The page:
From the entrancing Micro Universe Tumblr: a bacterium on a diatom on an amphipod.
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The Shiroko High Carbon Steel Kurouchi Kujira Whale Utility Chef's Knife is available in four models (the Type B has some clever handle-stuff going on -- and the charming, hand-forged kids' pencil sharpening knives are now available in the US!
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From West Coast Native News: "This is how big a grizzly bears paw is – by the way, the bear is sedated and about to be tagged."
Brian M. Cassidy snapped this photo of a cat peering through a window with a poster announcing that it was missing.
Why would someone wear a realistic bear costume and use it bother a mother grizzly and her two cubs trying to eat salmon in an Alaska river? First of all, he's lucky the mother bear didn't eviscerate him when he ran to within five to ten feet of the cubs and began “waving and jumping,” according to a group of people watching from a respectful distance. Second, it's stressful to the bears.
Alaska Fish and Game technician Lou Cenicola, was able to move the mother bear out of the way, and he tried to talk to the man. The man didn't remove the bear head, and didn't identify himself. He told Cenicola, “You have the license plate number. You figure it out.” Then he drove away, still in costume.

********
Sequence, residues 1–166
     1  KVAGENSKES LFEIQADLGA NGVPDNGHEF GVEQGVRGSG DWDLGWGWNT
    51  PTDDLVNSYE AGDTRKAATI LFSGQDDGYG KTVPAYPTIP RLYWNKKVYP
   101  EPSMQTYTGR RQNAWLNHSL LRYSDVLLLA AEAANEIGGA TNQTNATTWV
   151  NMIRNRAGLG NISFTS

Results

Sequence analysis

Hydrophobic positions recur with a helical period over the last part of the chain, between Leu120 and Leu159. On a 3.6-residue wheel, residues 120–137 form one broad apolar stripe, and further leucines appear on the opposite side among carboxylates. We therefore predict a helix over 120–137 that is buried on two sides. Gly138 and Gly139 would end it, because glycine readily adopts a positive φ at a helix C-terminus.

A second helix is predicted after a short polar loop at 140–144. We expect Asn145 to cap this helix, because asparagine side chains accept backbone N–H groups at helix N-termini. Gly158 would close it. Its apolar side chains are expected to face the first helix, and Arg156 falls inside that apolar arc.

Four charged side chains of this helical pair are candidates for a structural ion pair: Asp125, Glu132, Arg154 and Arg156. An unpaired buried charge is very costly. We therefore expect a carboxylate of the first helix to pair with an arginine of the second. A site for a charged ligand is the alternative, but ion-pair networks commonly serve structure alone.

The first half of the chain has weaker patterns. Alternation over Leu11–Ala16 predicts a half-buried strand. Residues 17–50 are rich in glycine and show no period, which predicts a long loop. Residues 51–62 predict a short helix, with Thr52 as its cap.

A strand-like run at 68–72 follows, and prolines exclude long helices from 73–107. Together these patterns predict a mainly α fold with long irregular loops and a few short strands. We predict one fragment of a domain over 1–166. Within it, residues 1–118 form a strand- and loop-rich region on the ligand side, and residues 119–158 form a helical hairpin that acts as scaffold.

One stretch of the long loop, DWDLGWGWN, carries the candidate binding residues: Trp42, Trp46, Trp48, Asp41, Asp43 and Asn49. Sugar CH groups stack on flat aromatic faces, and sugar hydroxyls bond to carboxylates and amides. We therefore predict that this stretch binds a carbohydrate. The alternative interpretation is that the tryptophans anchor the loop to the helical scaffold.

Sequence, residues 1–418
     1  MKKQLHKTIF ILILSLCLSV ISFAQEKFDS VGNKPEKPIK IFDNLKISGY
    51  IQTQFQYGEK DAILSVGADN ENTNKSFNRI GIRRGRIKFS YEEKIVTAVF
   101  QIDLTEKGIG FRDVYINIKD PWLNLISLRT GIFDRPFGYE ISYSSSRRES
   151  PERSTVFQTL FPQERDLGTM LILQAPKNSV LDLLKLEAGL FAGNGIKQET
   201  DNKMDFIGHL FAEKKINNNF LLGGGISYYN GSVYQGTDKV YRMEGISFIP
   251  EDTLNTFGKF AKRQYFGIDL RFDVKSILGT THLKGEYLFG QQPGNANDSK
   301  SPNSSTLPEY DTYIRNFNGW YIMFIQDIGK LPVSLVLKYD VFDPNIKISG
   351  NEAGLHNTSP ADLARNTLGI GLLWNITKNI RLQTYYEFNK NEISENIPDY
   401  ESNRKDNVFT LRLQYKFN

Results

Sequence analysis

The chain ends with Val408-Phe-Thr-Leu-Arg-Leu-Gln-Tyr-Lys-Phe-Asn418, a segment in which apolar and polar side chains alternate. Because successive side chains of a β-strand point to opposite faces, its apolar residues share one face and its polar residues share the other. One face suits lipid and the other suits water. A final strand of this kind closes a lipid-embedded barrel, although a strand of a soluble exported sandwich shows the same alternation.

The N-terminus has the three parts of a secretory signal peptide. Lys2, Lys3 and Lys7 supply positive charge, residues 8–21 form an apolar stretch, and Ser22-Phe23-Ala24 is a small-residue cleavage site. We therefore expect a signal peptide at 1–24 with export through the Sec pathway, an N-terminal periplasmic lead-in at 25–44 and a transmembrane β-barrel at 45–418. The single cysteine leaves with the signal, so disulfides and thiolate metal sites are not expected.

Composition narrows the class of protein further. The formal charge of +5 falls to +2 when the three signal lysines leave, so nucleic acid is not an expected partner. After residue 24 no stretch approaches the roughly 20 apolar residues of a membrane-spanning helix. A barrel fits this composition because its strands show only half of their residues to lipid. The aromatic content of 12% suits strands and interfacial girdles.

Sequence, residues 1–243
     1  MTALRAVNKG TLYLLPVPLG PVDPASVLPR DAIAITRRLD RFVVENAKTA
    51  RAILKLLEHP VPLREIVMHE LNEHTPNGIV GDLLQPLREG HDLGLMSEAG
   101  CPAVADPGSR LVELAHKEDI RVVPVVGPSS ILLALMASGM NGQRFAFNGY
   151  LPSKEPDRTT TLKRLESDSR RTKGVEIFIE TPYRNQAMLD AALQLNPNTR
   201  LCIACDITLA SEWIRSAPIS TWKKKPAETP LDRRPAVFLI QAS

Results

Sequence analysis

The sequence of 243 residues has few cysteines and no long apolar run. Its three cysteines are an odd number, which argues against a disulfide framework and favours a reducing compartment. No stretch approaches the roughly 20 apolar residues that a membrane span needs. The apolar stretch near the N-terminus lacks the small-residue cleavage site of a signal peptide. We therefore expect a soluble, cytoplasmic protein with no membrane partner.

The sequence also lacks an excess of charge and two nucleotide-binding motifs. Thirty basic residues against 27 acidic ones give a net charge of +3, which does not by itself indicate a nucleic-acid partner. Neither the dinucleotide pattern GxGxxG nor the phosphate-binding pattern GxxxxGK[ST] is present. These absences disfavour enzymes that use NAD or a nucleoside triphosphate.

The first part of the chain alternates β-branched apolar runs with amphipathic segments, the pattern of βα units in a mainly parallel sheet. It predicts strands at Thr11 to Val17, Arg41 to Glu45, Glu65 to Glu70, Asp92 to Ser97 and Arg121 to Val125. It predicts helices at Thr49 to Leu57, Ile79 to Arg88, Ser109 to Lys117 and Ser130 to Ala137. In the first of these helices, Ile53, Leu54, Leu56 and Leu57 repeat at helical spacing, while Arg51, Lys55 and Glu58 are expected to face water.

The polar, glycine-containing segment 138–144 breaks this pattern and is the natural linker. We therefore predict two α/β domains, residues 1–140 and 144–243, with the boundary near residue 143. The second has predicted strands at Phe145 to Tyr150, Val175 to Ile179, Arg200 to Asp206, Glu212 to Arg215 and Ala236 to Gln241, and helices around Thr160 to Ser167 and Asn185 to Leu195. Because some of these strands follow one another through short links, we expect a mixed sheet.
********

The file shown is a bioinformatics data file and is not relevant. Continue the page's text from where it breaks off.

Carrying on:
State troopers are investigating and said the man could face wildlife harassment charges. [via]
An extraordinary scene took place on Saturday last at a small village within three miles of Middleton. A half-witted fellow named James Driscott had cruelly ill-used his donkey. He was told by several of the villagers that he would be brought up before the magistrates and severely punished; but his informants said that if he consented to do penance for his inhuman conduct, no information should be laid against him. Driscott gladly agreed to the proposed terms. The donkey was placed in the cart, and its owner, with the collar round his neck, was constrained to drag his four-footed servant through the village. The scene is described by a local reporter as being the most laughter-moving one he had ever witnessed. — Illustrated Police News, Jan. 22, 1876[via]
John Kelly of the Washington Post spotted a pair of leopard slugs mating on his driveway. He called Megan Paustian, a research biologist who consults for Smithsonian’s National Museum of Natural History, to explain how slug sex works.
After Paustian told Kelly that she was "kind of jealous" that he got to watch a live leopard slug sex act when she has only been able to watch leopard slug porn, she went on to explain how they do it: “They make a mucus thread and then dangle down on it. As they hang there, the hermaphroditic slugs extrude their translucent penises — out of their heads. They swap sperm.”
Now someone is going to tell me that blowing bubbles near a chameleon is even worse than tickling a slow loris.
Scientists at the University of Sussex have published a directory of horse facial expressions. The Equine Facial Action Coding System catalogs "17 discrete facial movements in horses that may indicate mood or intention or just bafflement," reports The Guardian.
Boing Boing created this chart that shows each facial expression identified by the scientists. We hope you find it helpful.
The baby might not be able to say "mama," but he knows when the family's Australian Shepherd says it.
"From the dog's point of view, his master is an elongated and abnormally cunning dog." – Mabel Louise Robinson